ElsieShe also points to a large beautifully frame photo on the wall from five years ago of her and her husband. “He knew he had the cancer” she says with a little sadness in her eye. “And we knew that there was nothing we could do about it. Still you carry on and enjoy life while you can”, and you could hear the genuine love in her voice.

I cut in, before it gets too sentimental and ask if she’ll sign my t-shirt. I feel like it would be too intrusive to get her on video, so we politely snap some photos instead, photos of local children and families adorn the walls, pictures of previous parties at the tavern. Notices of garage sales taking place in adjoining villages.

It’s beautiful, it’s quaint, and it’s everything a two person – sorry – one person town should be. There will be a census in the town in 2010, and the state may then come by and update the population after that. I hope Elsie’s still there, because another little corner of unmodernised America will die when she goes.

6 responses to “And then there was one”

  1. geofftech says:

    I can’t find the video, but I did find the CBS new story here:

    I also quite like the list of places with less than ten residents in:

  2. tami says:

    I have to keep those less populated places in mind if I want to retire and get away from it all! That is sooo interesting.

  3. Raineth says:

    These bits and pieces of history just seem to fade away, after the folk who upkeep the stories die. It seems to me that the rich, savory goodness of grand tales of “I remember when/when my granddad was young” are turning into stories that are no longer considered to be delightful & treasured– or, horror of horrors, understood.

    Maybe it’s just me, but I find it to be rather depressing, sometimes.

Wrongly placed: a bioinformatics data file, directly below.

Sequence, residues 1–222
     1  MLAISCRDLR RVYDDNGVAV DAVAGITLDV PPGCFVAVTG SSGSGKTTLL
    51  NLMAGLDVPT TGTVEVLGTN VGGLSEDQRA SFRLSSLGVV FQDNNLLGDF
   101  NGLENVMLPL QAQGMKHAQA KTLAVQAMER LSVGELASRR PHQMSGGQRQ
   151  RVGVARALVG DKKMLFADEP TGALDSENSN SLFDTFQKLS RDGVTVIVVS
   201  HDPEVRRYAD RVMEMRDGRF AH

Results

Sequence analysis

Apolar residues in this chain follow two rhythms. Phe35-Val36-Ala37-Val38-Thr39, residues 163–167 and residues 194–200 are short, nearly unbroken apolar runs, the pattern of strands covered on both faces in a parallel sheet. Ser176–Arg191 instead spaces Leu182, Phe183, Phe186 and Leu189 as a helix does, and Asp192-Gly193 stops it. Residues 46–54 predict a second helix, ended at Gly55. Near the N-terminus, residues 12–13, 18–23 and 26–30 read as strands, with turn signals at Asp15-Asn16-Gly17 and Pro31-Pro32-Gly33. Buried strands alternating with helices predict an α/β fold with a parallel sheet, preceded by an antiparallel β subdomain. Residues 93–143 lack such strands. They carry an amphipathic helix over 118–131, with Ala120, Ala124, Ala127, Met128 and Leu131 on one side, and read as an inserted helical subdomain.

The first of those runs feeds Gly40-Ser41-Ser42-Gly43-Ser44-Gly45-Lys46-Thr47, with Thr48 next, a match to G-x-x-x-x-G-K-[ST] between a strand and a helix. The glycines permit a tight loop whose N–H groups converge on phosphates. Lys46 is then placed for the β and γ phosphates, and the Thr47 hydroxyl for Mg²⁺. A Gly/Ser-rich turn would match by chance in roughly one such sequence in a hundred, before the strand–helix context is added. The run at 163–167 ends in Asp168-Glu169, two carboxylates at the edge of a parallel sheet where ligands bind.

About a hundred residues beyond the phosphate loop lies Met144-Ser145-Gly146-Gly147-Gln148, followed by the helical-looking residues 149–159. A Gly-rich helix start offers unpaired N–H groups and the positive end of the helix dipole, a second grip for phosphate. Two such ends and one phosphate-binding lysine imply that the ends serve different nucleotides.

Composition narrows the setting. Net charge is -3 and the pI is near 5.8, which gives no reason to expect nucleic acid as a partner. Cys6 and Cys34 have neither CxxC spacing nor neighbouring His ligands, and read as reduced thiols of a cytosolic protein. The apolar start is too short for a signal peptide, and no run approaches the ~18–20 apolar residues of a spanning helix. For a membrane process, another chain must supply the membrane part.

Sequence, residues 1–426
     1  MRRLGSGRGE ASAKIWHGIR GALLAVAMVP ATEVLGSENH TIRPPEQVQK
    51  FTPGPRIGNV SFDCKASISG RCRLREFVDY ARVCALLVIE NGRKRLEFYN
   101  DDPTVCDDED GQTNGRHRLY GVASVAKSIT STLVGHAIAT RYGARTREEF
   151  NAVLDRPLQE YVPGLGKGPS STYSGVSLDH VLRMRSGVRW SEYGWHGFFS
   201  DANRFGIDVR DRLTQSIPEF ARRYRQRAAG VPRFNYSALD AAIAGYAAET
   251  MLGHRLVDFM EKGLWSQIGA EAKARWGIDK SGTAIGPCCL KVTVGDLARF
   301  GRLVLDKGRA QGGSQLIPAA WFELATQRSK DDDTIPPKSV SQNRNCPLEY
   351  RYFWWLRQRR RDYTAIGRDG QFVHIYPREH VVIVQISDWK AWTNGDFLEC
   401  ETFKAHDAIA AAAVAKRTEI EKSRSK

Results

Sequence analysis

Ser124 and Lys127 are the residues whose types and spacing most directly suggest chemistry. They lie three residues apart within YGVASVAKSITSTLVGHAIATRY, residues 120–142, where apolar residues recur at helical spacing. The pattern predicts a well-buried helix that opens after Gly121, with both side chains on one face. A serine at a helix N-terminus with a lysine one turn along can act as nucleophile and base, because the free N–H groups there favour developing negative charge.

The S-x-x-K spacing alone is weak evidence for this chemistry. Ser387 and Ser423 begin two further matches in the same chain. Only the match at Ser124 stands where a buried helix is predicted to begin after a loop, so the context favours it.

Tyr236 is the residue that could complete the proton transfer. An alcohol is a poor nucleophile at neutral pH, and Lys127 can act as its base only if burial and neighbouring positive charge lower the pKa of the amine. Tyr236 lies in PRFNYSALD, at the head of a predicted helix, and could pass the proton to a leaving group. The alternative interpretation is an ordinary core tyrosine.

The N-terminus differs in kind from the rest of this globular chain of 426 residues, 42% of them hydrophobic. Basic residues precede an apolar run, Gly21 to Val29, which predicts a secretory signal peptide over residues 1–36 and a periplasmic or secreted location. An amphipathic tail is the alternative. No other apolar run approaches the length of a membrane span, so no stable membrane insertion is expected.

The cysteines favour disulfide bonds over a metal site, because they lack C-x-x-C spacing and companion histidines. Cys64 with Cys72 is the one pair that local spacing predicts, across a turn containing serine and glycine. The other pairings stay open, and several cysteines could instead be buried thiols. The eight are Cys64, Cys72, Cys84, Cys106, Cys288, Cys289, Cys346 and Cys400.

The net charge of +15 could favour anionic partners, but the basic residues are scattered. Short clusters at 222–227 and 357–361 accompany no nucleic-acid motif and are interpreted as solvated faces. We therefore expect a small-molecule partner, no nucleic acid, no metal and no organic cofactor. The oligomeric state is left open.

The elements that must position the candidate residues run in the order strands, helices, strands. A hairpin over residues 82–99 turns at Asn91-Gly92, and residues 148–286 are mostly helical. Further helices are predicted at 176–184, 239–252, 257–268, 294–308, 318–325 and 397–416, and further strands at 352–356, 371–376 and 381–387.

Bless her heart, I hope she passes on as many stories as possible in her lifetime…

  4. geofftech says:

    I’m starting to think that there are MORE places like this out there – but we just don’t know about them.

    The major/overwhelming feeling for me this week has been “Get off the interstate”. Get onto smaller roads and see what’s out there, and there are loads and loads of little places left still out there, independent shops & stores and none of the chains that you’re used to.

  5. Katie says:

    Great blog. Elsie sounds like a wonderful lady. Makes you rethink your own struggles when there is a lady out there who lives in a town all by herself! How sad.

  6. MumTina says:

    As I commented before, you are tasting what life used to be like in the ‘old’ days, before T.V. mobile phones, the Internet, and people really cared about each other and not material goods. As Raineth says all this fading fast. In the future however, you will remember your time now as ‘the good old days’ and the youngsters will laugh at your wistful reminiscencing. I hope this trip is giving you food for thought and improving your mind.